However, looking more closely at the trends for specific species led our research team to realize that the trend was almost entirely due to the Sphagnum moss in the intermediate-thaw sites. Since our other data showed that mosses are lower in the intermediate and fully-thawed habitats, which are wet, I wondered if the moss was becoming drowned out over time?
I believed that climate change was happening so quickly at this location that, even within one growing season, my colleagues and I were observing the thaw-associated shift in plant communities, as mosses died off because of thaw-associated waterlogging.
This would be surprising because moss is generally resilient to watery conditions, able to soak up 16 to 24 times its dry weight in water, and shouldn't be dying unless there is extreme oxygen deprivation.
Hough suspected two possible explanations:
- As more water infiltrates the site due to thaw, the water table rises to cover mosses that previously had the right balance between water and oxygen.
- Alternatively, 2015 was a particularly rainy summer. The wetter conditions that the moss was experiencing therefore may have been caused by rainfall rather than the permafrost thaw and corresponding water infiltration.
"Both explanations are actually potentially part of larger trends," Hough said. "Permafrost is thawing rapidly under warming conditions, and causing the ground to slump downwards into the water table, and climate change is also projected to bring more rainfall to the Arctic, making 2015's rainy summer potentially a preview of what's to come for the region."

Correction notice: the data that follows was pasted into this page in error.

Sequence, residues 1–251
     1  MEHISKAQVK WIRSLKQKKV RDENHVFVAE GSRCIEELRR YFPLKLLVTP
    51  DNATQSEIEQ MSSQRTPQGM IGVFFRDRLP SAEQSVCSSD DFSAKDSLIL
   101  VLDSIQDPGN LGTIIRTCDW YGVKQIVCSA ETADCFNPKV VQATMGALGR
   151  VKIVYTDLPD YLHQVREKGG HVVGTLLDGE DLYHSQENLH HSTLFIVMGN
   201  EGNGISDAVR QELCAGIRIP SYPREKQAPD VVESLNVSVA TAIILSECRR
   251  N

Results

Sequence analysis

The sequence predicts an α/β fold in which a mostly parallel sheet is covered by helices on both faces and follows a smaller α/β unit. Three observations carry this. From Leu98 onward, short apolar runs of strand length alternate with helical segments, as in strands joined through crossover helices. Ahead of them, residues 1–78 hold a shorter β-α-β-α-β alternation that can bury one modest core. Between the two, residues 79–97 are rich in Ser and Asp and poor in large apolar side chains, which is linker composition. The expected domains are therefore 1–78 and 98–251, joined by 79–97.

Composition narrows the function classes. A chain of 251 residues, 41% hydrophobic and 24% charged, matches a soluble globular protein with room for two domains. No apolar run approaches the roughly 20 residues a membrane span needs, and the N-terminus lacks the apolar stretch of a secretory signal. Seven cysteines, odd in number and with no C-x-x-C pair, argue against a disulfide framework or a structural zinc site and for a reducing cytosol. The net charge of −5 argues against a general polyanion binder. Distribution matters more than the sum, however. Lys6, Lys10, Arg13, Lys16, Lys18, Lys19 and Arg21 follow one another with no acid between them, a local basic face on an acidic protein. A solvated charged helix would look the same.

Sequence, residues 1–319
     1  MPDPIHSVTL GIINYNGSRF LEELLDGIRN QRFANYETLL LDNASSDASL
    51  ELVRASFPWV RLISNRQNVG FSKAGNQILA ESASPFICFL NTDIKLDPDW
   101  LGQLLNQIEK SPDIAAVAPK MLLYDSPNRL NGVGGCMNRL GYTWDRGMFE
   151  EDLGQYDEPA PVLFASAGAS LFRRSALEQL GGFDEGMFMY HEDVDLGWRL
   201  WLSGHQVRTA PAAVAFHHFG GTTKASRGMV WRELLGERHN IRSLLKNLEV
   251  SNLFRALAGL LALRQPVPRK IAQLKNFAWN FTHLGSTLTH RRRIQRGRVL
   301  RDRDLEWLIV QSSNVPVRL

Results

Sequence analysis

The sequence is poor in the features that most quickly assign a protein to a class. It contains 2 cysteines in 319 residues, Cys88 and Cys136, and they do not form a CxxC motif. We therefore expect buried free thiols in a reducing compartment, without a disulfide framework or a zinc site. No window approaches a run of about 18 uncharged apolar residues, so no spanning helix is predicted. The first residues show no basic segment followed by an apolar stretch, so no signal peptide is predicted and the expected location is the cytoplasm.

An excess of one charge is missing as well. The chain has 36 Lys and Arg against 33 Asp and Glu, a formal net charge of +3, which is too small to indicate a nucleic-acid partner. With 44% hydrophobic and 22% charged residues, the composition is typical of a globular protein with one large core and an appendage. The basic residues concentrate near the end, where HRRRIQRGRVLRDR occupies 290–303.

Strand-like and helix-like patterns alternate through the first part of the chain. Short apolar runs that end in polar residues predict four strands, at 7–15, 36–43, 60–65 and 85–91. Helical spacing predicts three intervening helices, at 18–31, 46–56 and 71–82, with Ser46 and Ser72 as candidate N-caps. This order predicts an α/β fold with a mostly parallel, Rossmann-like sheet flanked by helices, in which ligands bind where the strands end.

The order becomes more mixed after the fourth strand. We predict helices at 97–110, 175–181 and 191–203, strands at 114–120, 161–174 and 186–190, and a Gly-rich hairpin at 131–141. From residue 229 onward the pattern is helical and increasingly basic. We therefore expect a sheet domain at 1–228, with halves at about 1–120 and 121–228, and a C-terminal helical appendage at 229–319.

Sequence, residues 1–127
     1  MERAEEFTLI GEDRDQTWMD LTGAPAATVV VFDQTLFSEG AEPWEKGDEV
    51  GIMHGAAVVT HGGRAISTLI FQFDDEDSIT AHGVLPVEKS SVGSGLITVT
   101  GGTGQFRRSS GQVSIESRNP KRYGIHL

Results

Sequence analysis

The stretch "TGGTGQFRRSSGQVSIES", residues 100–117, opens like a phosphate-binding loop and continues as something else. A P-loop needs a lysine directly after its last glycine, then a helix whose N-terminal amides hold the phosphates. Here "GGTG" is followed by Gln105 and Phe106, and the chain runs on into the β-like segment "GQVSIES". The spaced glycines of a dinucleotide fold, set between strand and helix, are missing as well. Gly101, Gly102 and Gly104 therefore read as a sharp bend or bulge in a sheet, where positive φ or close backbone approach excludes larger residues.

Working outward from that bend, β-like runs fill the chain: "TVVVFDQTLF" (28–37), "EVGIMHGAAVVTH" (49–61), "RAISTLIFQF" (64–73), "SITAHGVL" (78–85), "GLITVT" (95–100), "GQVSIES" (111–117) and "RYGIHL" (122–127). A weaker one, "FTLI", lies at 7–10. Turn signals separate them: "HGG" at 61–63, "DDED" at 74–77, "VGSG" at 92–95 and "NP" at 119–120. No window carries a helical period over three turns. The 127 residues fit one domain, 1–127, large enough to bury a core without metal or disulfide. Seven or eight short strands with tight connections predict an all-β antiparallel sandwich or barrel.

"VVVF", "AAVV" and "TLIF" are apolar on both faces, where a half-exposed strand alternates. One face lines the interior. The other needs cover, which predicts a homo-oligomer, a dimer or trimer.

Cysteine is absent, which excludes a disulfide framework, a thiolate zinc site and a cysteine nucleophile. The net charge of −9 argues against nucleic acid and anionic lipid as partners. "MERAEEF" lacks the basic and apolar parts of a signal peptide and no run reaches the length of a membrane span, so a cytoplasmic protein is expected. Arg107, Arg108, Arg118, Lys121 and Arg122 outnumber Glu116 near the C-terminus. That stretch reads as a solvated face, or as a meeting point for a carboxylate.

Moss is a significant source of biomass at the intermediate and thawed sites, but may be replaced with taller and larger sedges that are better able to resist wetter conditions. This clear shift and decrease in moss biomass also may significantly impact resident soil microbes.
The change in microbial foods coming from plants, according to the work of other scientists in the project, may be fueling microbiological processes such as methane production.
The project team is working hard to understand how the biomass in the "failing freezer," that is permafrost, and the organic matter produced by the changing plant communities are together changing microbial meals. The team also is trying to understand what gases they produce after their meals, since these gases can accelerate climate change, explains Rich, my advising professor.
In the future, Hough and I plan to run chemical analyses on the biomass samples to see how "digestible" this organic matter is for microorganisms once it enters the soil microbiome. These findings may hold implications for the rate of loss in Earth's permafrost zone over time, which covers about 33 percent of the terrestrial land surface.
I believe that this is important for future generations. In short, it may take less time than we realized for the permafrost areas to hit "game over."
Rose Vining, a researcher in the UA Undergraduate Biology Research Program, performs this research with Department of Ecology and Evolutionary Biology doctoral student Moira Hough, associate professor Scott Saleska of the same department, and Department of Soil, Water and Environmental Science faculty member Virginia Rich. Vining is a senior in environmental science at the UA. She is originally from Flagstaff, Arizona, and graduated from Flagstaff High School.